Mr. Speaker, I would like to thank my colleague from Davenport for his willingness to share his time.
I want to speak a bit personally. I know we are wrapping this us, but it is important for us to remember that we are actually speaking about something that many Canadians have already undertaken.
I would like to commend a group called STAND, Students Taking Action Now! Darfur. This group has been in our universities and high schools for a number of years now and has been acting really hard on the issue of Darfur. I had the privilege of taking a couple of their members to Darfur this past January and I was very impressed with their commitment.
These students decided they were going to go after all the various universities in the country that had investments in Darfur. I would like to commend them because at the end of the day, they have been successful at getting a number of universities across the country to divest from the companies that are taking part in what is going on in Sudan. This included my own university, the University of Western Ontario, which had invested in six companies.
STAND was so proficient and consistent at what it did that I am proud to announce that the university president, Mr. Paul Davenport, has now pulled the University of Western Ontario out of all of those investments. We are speaking about something that Canadians are already involved in.
There was mention earlier of the peace talks that took place between north and south Sudan. I was at those peace talks along with my wife and there was one driving factor that got the northern government to come to the table. In the first round of peace talks it did not want to, but in the second round there were a number of reasons why it did.
Much of it was because of the divestment threats that were happening from Europe, the United States and Canada, which were trying to divest from companies that were taking part and the northern government realized it was going to be financially hurt if it did not participate.
A large part of the success of those peace talks, that resulted in peace between north and south Sudan and ended a war that had killed three million people and displaced five million, was due to divestment and because Canadians using the Internet, especially students, knew how to access that stuff and make a difference.
My wife and I were in villages when bombings took place, when the government of north Sudan sent in their MiG jets, big bombers or militia units. We need to remember that 70% of the money that comes from these oil revenues and other companies that are in Sudan goes toward munitions. We were at the receiving end of those.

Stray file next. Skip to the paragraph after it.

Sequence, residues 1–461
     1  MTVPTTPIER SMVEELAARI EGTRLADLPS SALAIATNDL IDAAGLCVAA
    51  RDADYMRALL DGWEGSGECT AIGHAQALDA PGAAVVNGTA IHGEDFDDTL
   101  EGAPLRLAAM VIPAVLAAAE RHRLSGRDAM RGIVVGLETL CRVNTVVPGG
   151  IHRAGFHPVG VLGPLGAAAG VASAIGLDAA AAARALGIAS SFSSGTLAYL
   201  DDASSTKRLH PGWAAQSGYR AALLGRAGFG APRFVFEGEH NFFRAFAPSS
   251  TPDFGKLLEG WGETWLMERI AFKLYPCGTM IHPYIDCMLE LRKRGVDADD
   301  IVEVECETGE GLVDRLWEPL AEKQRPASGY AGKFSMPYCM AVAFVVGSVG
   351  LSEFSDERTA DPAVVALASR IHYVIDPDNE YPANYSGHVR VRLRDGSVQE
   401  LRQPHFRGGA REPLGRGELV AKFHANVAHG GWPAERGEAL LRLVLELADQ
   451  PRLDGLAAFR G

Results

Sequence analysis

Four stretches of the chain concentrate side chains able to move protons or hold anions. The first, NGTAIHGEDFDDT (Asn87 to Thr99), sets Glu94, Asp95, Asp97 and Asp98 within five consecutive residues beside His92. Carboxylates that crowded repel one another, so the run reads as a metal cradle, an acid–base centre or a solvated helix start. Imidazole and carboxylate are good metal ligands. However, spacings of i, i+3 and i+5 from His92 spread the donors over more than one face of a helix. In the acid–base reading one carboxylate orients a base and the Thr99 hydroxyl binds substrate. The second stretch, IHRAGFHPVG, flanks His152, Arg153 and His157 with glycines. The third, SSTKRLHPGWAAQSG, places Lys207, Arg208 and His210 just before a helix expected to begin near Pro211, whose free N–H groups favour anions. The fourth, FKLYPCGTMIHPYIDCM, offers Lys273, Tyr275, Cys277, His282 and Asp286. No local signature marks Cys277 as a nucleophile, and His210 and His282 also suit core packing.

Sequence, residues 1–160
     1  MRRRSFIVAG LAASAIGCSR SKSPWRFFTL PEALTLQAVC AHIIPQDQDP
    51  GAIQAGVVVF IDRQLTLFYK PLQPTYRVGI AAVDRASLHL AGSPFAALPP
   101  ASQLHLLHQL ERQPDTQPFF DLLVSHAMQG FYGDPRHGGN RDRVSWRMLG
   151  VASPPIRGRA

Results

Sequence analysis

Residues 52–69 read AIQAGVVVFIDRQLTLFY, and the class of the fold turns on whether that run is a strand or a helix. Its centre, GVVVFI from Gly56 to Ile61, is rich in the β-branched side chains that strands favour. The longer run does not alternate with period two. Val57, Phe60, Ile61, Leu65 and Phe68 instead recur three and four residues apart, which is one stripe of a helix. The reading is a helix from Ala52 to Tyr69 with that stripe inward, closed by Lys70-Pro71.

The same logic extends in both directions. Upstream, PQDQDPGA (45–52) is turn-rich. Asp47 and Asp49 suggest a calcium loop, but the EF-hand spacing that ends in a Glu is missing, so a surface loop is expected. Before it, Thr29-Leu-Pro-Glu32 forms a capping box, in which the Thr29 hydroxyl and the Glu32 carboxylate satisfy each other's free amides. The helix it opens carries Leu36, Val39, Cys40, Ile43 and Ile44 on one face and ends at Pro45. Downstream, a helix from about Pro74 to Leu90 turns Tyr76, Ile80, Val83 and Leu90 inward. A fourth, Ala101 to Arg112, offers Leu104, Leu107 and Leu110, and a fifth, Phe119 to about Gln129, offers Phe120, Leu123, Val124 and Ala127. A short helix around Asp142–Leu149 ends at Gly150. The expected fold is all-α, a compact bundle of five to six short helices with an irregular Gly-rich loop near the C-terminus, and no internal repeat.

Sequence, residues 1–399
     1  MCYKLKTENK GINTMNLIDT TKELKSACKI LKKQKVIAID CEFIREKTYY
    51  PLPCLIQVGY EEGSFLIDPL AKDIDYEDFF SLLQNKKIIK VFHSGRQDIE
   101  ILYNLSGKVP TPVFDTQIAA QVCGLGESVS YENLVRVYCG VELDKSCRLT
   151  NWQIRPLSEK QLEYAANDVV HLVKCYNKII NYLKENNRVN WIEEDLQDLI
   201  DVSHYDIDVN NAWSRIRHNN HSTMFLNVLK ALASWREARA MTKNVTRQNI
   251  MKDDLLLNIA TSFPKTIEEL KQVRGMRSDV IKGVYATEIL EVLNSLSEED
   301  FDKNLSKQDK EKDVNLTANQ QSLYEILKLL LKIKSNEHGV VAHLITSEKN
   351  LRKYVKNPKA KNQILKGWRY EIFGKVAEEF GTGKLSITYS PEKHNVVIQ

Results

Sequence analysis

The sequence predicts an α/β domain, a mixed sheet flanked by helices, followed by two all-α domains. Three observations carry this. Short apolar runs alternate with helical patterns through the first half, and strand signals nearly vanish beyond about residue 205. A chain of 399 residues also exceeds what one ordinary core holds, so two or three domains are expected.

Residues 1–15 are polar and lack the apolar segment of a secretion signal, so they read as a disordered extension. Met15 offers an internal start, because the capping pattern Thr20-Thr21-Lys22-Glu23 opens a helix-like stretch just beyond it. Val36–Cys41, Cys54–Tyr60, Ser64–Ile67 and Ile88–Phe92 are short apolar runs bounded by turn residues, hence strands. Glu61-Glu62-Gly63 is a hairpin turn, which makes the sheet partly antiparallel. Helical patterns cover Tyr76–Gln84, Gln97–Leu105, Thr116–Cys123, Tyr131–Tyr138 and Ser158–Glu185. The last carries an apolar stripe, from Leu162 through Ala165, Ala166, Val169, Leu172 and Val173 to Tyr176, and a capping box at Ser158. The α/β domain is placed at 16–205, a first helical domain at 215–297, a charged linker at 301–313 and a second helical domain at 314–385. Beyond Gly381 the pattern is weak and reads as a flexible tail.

I know none of us want it to be that way, but it was not about my wife and I. We had to watch people as they had to gather together for funerals and other things because the western world would not speak out at that particular time.
This is life and death. We are not talking about some fancy little thing that we are trying to do. We are talking about people dying in Darfur right now because many of us have failed to take action.
I heard it mentioned earlier that one particular party had a plan for what it was going to do in Darfur. We all have plans for what we want to do in Darfur, but it is not about that. It is not about my plan or someone else's plan. It is about the fact that this is the kind of thing that has to rise above all our plans. For the sake of the people of Darfur and, yes, of Iran, we have to take action.
I heard Stephen Lewis being quoted earlier. Let me remind people that I was at a conference with Stephen Lewis a couple of months ago and he said the very thing that is keeping us back from acting on Darfur and divestment is partisanship. I am trying to say that it does not matter what other people's plans are or what my plan is. What matters is: What is our plan? What is it that we stand for and believe in this country?
I do not want to take much more time, but everyone knows I have three kids from Darfur. I have talked about how they wake up at night from the bombings and everything else that happened. There are millions of kids still in Darfur who are going through this. It is time for all of us to act.
I commend my colleague for having the courage to stand up and demand that we begin to divest from a government that will do this to its own people. I commend the people across the way who have been willing to support this bill, and I plead with my Bloc colleagues, I really do. I know there might be some difficulties with it, but it is not about nuance. It is about human rights and acting.
I am thankful for the time that has been given to me and I especially want to commend my colleague for the courage he has shown in bringing this forward.